The Reno Rodeo wrapped up its centennial anniversary last weekend. Though the cultural history of the event is alive and 100 years strong, animal rights groups question if this sport is abusive to animals and if it's still acceptable in today’s society. Holly Hutchings has this report.
Cindy Rosser grinds up an anti-inflammatory pill for her 15-year-old horse, Commanchero. She mixes the dusty residue into a bowl of senior feed, which has been carefully dialed in by a nutritionist.
“We test our feed at home that we mix at home to make sure we get the right protein and, you know, all the nutrients they need,” she said.
Rosser’s family has been coming to the Reno Rodeo since about the late '50s as participants. They’ve been bringing livestock with their company, The Flying U, for nearly the same length of time. They’re one of the stock contractors that provide the big animals, such as broncos and bulls. This year, they brought six truckloads.
She says she loves these animals and that the care they give in feeding them well shows her level of concern. According to Rosser, this is a side of the rodeo that naysayers don’t see.
“They think that these animals are abused to buck," Rosser said. "If an animal's hurt, the instinct is to flight, to run. so they aren't being hurt. They're bred to buck. We breed the best mares to the best bucking stud, and that's what they're bred for. Nobody else would really want to ride them.”
When it is time to go to work, Rosser says many of these animals work mere minutes a year professionally. She says if they’ve worked one rodeo, they’ll sit the next one out. At the Reno Rodeo, animal athletes are cared for by two veterinarians on site. Dr. Kristi Stone is one of them. She says they see some injuries that occur during the transport between rodeos but not a lot from the performances themselves.
“There's always little things, these horses that are on the road all the time," Stone said. "So, lacerations that they may get on their way here or they might slip on the concrete. And then during the performances we're very lucky. We try and minimize as much as we can any risks to the animals that are out there.”
Dr. Stone says it goes back to cultural heritage. “You know, we don't rope calves just because we can see if we hurt them," Stone said. "That's not the point of it at all. It comes back to doctoring them in the field, treating them when you're out on pasture, that kind of thing. And, yes, we are doing it for sport now, but we really try and mitigate those things by making sure the calves are appropriately sized and that, that they're healthy before we go out there.”
The PRCA, the Professional Rodeo Cowboys Association, that puts on the Reno Rodeo, has over 60 rules in place, they say, to ‘ensure the proper care and treatment of rodeo animals.’ They include things like making sure safe transport for the animals is provided and prohibiting the use of prods. Also, athletes are not permitted to “jerk down” on the rope when calf roping.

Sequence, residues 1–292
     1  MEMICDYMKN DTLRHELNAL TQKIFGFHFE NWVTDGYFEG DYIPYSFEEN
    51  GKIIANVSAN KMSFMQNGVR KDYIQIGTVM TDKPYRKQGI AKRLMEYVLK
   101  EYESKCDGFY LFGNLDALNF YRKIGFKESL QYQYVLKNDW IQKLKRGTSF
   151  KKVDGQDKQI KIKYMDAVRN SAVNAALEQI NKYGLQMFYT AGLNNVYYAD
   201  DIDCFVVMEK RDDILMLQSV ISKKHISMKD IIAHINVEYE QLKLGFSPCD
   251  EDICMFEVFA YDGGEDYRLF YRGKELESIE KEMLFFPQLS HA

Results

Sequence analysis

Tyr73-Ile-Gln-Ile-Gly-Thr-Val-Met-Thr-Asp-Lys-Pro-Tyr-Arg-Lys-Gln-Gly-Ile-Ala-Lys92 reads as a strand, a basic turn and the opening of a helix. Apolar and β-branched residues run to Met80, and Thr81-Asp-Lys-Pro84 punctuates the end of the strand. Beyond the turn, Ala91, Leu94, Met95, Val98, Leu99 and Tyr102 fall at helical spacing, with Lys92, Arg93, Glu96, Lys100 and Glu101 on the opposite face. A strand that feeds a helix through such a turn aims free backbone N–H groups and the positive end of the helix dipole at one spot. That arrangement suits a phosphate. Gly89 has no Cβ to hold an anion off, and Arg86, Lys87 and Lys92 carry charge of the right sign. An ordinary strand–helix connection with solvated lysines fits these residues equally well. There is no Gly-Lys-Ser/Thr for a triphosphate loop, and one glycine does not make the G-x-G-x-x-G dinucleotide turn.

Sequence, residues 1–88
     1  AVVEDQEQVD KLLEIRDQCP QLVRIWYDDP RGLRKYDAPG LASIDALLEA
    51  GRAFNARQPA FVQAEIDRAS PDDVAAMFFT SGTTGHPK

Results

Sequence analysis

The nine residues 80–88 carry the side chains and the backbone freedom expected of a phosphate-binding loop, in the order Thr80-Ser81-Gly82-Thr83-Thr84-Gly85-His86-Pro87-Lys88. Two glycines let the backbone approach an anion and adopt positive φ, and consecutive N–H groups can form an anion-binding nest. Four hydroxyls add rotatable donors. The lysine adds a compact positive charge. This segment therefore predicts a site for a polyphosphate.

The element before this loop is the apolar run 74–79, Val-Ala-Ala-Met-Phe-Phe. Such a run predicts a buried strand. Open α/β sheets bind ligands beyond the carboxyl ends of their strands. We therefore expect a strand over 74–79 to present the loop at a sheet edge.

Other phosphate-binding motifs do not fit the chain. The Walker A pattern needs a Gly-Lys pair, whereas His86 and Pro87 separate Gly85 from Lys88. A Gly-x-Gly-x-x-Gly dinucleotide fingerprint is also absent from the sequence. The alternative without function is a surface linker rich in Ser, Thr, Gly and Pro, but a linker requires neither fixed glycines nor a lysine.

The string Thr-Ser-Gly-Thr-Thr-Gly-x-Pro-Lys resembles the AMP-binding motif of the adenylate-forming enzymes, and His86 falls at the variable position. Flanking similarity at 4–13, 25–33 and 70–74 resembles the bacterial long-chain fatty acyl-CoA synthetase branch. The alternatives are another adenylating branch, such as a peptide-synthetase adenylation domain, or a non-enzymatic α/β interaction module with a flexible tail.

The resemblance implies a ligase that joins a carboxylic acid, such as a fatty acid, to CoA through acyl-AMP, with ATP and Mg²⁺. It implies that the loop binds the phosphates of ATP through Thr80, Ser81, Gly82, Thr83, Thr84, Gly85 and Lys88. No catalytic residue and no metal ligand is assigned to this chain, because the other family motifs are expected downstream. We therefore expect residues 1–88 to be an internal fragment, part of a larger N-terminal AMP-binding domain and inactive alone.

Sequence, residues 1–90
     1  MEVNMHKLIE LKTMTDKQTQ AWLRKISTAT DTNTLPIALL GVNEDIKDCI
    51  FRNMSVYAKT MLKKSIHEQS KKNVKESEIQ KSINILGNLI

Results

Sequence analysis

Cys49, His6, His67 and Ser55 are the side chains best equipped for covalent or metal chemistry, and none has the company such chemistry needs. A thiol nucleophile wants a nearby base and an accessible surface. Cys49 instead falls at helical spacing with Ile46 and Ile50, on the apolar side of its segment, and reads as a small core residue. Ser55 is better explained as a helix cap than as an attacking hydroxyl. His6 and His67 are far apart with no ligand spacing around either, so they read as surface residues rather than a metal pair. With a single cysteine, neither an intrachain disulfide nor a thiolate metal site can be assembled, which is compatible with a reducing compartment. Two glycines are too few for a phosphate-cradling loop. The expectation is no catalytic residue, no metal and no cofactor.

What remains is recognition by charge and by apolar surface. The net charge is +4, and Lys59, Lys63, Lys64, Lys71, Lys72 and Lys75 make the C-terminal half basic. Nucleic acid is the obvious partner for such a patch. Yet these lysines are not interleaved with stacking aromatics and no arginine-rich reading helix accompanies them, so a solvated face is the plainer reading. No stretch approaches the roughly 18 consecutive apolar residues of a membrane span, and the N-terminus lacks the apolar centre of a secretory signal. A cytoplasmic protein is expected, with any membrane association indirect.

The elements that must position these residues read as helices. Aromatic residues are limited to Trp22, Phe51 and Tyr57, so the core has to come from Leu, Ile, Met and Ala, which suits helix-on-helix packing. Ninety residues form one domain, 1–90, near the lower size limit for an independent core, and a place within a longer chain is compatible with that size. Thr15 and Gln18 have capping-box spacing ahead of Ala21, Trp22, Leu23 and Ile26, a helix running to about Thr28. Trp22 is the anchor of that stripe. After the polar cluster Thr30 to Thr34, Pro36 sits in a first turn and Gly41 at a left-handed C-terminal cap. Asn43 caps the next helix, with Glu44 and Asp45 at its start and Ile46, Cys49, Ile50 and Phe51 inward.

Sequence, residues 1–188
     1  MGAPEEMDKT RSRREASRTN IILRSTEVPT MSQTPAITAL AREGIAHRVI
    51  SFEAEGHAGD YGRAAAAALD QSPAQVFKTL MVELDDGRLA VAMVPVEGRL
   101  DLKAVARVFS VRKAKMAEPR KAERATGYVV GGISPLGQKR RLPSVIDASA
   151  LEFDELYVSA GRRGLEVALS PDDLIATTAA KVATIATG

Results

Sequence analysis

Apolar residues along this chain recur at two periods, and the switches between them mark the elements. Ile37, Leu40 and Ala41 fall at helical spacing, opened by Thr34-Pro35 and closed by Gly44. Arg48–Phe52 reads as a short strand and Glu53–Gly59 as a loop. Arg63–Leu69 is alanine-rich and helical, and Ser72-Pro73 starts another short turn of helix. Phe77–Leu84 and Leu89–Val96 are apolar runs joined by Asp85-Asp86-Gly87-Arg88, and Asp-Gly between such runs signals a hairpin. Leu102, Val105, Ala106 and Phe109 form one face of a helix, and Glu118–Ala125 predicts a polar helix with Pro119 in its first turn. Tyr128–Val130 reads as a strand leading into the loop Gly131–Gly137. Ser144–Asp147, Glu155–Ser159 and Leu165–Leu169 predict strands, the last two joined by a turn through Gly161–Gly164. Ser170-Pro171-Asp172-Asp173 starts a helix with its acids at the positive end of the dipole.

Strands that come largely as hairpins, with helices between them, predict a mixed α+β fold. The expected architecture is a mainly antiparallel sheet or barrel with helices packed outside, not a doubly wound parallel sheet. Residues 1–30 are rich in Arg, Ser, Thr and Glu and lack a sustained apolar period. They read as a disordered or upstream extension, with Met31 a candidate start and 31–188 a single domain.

“Implementing rules about how you're supposed to jerk on the rope or anything like that is really just a small bandaid on a bigger problem," said Chris Berry, a senior staff attorney for the Animal Legal Defense Fund. "It's hard to enforce those rules. And even with rules like that in place, at the end of the day, it's still fundamentally an event that requires a lot of physical contact and, and potential for trauma with animals.”
The Animal Legal Defense Fund says it files lawsuits to protect animals from harm, as well as providing free legal advice and training. The Fund has previously sued the Salinas Rodeo, but the case was dismissed on procedural grounds. KUNR also reached out to the ASPCA (The American Society for the Prevention of Cruelty to Animals) and the Humane Society. Both organizations provided statements saying the rodeo inflicts pain on animals for sport, and is, therefore, inhumane.
Berry echoes those sentiments and says that rodeos cause unnecessary harm.
“While I don't doubt that they have a veterinarian on standby...the veterinarian is treating those animals for injuries that there's no reason for them to have endured in the first place," Berry said. "And sometimes proper veterinary care means euthanizing an animal, so to claim that animal well-being is the primary concern or that having a veterinarian on the ground at these events somehow justifies that, or makes everything okay for the animal, is simply preposterous.”
The Animal Legal Defense Fund has no current or planned rodeo lawsuits, and this year, there were no protesters at the Reno Rodeo.